To admit that you are in pain is to be vulnerable. It’s taking off the mask and revealing something about your true self—something that you can’t seem to control, because it’s beating you.
There’s a lot of talk about honesty, but when it comes to owning up to certain kinds of pain, vulnerability seems to invite judgment and shaming.
We tend to feel uncomfortable when someone expresses emotional pain. We want to answer the gnawing questions, fix the problem and stop the hurt.
If logical explanations are hard to find, we’ll try our darnedest to come up with one. We feel obligated to defend God’s name and character, and so we can give no room for the hurting person to question why.
If we can’t come up with answers, we might start wondering about our own unexplained pain. We tape the hurting person’s lips shut with a few good Bible verses and a glib response so we won’t have to listen to anything else that makes us uncomfortable. And we’ve defended God’s name to boot!
However, those glib, dismissive answers have shut the hurting person into dealing with his pain alone. Refusing to allow someone to grieve in your presence is one of the most selfish responses to vulnerability. Sure, it makes us squirm to hear someone question God like David sometimes did.
We tend to feel that only “nice” strong emotions should be acknowledged. But the fact remains, we are human, and we hurt and cry and often don’t have all of the answers. Sometimes we feel God is far away. We need someone to remind us of His nearness in a tangible, incarnational way—not through shaming and minimizing and preaching, but through the kind of listening that is not afraid of pain.
Every kind of hurting person needs a courageous listener, and any individual can choose to be one.
It takes a choice: I refuse to purchase my own comfort at the cost of shaming another as he shares his pain. Dispensing advice, attempting a diagnosis and minimizing the pain might make me feel wise, benevolent, controlled and spiritual, but I will choose discomfort while my friend shares her pain. I will not pretend that I understand (unless I truly do), but I will listen without shaming her. What wouldn’t we give for 15 minutes spent with a courageous listener? (Hint: That’s why counselors and psychologists can afford vacations!)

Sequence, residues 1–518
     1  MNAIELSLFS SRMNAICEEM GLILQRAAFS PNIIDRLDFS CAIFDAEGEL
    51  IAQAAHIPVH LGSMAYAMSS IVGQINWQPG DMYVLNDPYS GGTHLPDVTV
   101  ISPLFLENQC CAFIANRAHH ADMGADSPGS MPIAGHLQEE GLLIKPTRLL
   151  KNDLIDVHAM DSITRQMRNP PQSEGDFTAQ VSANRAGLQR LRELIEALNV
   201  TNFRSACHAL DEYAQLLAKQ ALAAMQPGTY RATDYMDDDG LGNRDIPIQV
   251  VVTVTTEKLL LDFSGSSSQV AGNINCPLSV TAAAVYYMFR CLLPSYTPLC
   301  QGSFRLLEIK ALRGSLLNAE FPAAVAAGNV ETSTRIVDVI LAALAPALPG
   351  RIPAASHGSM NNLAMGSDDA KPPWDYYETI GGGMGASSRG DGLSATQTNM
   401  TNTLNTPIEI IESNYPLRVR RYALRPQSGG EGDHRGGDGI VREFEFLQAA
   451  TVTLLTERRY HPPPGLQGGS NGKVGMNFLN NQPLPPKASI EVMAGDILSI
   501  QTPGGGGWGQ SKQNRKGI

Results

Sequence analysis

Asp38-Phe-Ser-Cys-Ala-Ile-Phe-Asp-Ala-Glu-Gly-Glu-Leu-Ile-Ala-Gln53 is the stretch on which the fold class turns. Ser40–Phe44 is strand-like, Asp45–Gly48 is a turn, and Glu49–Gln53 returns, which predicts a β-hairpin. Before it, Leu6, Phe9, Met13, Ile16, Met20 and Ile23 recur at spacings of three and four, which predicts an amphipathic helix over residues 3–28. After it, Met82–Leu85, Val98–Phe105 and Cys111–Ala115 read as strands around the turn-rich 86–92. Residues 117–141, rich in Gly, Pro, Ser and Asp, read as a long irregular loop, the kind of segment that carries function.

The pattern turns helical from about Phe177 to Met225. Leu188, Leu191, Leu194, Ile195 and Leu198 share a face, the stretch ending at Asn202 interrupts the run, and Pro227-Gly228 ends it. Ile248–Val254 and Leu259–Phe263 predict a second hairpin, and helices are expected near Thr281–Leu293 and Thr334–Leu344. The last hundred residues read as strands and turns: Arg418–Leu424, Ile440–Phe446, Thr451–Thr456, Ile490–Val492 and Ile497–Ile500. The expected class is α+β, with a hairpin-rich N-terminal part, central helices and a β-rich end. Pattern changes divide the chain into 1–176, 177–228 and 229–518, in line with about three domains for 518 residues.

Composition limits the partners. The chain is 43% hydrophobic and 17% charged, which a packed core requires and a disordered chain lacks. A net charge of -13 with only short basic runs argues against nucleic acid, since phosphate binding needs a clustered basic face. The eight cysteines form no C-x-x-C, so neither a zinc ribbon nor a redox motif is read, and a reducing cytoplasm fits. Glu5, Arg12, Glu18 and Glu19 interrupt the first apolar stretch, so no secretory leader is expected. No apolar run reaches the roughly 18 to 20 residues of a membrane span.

Sometimes, singleness is really hard. But there is a huge risk in admitting this out loud.
We singles try to put on a brave mask to protect this vulnerable part of us, but when we share a bit of the pain we feel and the questions we wrestle with, we are often met with an outpouring of shaming responses.
Sermonettes on contentment, zinging Bible verses, rote phrases like “when you stop looking, it will happen,” criticisms of “you’re too picky,” “you need to ______ more,” endless advice to “join this _____,” marriage horror stories, comparisons like “I wish I was free like you are,” “marriage is nothing like you think it is,” and outright judgments like “don’t say that!” “stop feeling that way!” remind us that we should only confide these feelings to our journals or our pillows.
I recently finished reading Sara Eckel’s delightful little book on prolonged singleness, titled It’s Not You: 27 (Wrong) Reasons You’re Single.
Her words opened my eyes to something I’d long felt but never consciously realized. Admitting that there is pain in singleness is verboten, in Christian and non-Christian circles alike.
We often hear that marriage is hard, but singleness? You’re probably discontent. You’re lonely? Please, let me educate you on how marriage stinks. You’re deluding yourself with little girl fancies. Or perhaps you’re crossing the line to becoming a desperate, mushy person. If I dare to admit that sometimes I struggle with feeling that God is unfair, a host of Bible verses will rain down on my head.
The message is clear: “Your admission of pain will bring you shame, and it will be minimized and dismissed.”
Recently, a single friend told me about a relative’s wedding she attended, where she was left standing alone at the back of the church throughout the ceremony. The sad thing was, my friend had asked her family to make sure she would not be left alone at the event, since weddings touch a very painful spot in her heart. Tears of hurt sprang to her eyes as she recounted the story. She had been vulnerable with this part of her life with those closest to her, and they had dismissed her pain.
What if we treated someone’s admission of pain as something very precious, something vulnerable entrusted to us? What if we would try to be a little less scared of pain we don’t understand? What if we chucked the shaming and the sermons and sent this message through courageous listening: “Your feelings matter. Even if I don’t have any answers, I’m here. You are not alone.”
I have one meaningful Valentine’s Day memory. It’s the day that I received a card in the mail from my two roommates who were sisters. They wrote to remind me that I was loved. In the midst of their own lives, these friends had remembered those few times in the past when I had opened up about the pain of being alone. They thought that I might be having an extra-hard time on that holiday, and they acknowledged my pain by reaching out. No sermonettes, no shaming, no demeaning pity. Just a thoughtful note on a hard day.
When it comes down to it, those are the responses that point us to God’s love. We don’t want more advice, and we certainly feel enough shame. We don’t need more Bible verses or comparisons that make us feel immature and ashamed for wanting what others have.
We just want to know we’ve been heard, and that we’re not alone.
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